Though John squeezed as much as he could out of the Jewish community, they were an important element on his side in the triangular struggle between king, barons, and municipalities which makes up the constitutional history of England during his reign and that of his son. Even in Magna Carta clauses were inserted preventing the king or his Jewish subjects from obtaining interest during the minority of an heir.

Increasing Persecution, 1200s
With the accession of Henry III (1216) the position of the Jews became somewhat easier, but only for a short time. Innocent III had in the preceding year caused the Lateran Council to pass the law enforcing the Badge upon the Jews; and in 1218 Stephen Langton, Archbishop of Canterbury, brought it into operation in England, the badge taking the form of an oblong white patch of two finger-lengths by four. The action of the Church was followed by similar opposition on the part of the English boroughs.

Petitions were accordingly sent to the king in many instances to remove his Jews from the boroughs, and they were expelled from Bury St. Edmunds in 1190, Newcastle in 1234, Wycombe in 1235, Southampton in 1236, Berkhamsted in 1242, Newbury in 1244. Jews were expelled from the lands of Queen Dowager Eleanor in January 1275 ( which included towns such as Guildford).

With the outbreak of the Barons' war violent measures were adopted to remove all traces of indebtedness either to the king or to the higher barons. The Jewries of London, Canterbury, Northampton, Winchester, Cambridge, Worcester, and Lincoln were looted (1263-65), and the archæ either destroyed or deposited at the headquarters of the barons at Ely. Simon de Montfort, who had at an early stage expelled the Jews from his town of Leicester, when at the height of his power after the battle of Lewes annulled all indebtedness to the Jews. He had been accused of sharing the plunder, but issued edicts for their protection after the battle (Kingsford, "Song of Lewes," pp. 59, 80, Oxford, 1890). Both the Jewry and the king as its representative must have suffered incalculably by this general wiping out of indebtedness.

The value of the Jewish community to the royal treasury had become considerably lessened during the thirteenth century through two circumstances: the king's income from other sources had continually increased, and the contributions of the Jews had decreased both absolutely and relatively. Besides this, the king had found other sources from which to obtain loans. Italian merchants, "pope's usurers" as they were called, supplied him with money, at times on the security of the Jewry. By the contraction of the area in which Jews were permitted to exercise their money-lending activity their means of profit were lessened, while the king by his continuous exactions prevented the automatic growth of interest.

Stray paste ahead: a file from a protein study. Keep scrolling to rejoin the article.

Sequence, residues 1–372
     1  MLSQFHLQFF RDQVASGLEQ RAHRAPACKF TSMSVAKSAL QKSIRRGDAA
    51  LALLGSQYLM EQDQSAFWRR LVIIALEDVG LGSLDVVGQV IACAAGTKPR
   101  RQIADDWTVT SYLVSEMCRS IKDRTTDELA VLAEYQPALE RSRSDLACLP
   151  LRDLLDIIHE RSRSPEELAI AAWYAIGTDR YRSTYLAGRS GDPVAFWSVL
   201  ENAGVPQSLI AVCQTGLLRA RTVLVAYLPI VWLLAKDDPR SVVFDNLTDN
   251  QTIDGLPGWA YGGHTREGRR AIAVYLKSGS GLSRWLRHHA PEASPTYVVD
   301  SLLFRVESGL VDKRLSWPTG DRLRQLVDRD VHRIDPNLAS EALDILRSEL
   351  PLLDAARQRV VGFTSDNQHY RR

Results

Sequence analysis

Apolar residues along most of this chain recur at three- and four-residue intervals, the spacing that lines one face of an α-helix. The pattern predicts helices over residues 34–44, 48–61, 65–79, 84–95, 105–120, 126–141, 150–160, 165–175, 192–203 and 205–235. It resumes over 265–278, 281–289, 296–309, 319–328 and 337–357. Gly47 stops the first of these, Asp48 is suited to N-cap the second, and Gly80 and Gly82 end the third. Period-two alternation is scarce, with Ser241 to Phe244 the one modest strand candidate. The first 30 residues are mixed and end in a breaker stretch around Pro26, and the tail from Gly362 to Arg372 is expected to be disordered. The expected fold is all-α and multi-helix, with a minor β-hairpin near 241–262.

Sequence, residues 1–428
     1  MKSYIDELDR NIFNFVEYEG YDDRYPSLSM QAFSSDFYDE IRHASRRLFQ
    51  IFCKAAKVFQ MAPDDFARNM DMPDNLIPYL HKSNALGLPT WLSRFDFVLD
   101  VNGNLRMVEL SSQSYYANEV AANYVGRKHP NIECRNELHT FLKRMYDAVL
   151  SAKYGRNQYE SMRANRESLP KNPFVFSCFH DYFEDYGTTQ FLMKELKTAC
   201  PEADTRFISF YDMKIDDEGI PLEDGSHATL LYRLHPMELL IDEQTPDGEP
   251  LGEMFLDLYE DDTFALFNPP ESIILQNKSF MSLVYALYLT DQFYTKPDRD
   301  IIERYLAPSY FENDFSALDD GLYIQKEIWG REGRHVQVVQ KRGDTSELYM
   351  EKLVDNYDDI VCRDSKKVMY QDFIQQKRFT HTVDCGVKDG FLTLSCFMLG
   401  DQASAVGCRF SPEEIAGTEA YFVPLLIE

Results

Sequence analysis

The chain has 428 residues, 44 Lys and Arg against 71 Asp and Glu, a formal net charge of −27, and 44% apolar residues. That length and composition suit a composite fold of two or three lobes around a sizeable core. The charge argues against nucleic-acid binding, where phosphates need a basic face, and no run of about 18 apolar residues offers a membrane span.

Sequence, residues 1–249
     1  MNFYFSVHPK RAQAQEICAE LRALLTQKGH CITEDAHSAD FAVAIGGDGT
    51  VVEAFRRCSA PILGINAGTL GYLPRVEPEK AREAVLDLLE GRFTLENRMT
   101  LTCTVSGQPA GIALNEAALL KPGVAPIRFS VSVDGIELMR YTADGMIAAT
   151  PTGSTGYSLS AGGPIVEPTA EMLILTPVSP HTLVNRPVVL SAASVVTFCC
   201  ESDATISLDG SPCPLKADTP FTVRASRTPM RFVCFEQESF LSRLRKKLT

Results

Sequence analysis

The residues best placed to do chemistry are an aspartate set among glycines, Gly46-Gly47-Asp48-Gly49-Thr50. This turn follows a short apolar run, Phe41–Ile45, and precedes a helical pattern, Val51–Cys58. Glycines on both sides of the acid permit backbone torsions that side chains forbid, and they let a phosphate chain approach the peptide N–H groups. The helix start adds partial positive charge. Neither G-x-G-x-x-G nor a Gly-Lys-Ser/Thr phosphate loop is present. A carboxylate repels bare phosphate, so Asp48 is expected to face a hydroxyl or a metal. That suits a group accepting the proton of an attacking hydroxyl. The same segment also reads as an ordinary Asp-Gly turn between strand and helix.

By the middle of the thirteenth century the Jews of England, like those of the Continent, had become chattels of the king. There appeared to be no limit to the exactions he could impose upon them, though it was obviously against his own interest to deprive them entirely of capital, without which they could not gain for him usurious interest.

Further prejudice had been raised against the Jews just about this time by the revival of the blood libel, a charge of ritual murder. The king had sold the Jewish community to his brother Richard of Cornwall in Feb., 1255, for 5,000 marks, and had lost all rights over it for a year. But in the following August a number of the chief Jews who had assembled at Lincoln to celebrate the marriage of a daughter of Berechiah de Nicole were seized on a charge of having murdered a boy named Hugh. Ninety-one were sent to London to the Tower, eighteen were executed for refusal to plead, and the rest were kept in prison till the expiry of Richard's control over their property.

The "Statutum de Judaismo," 1275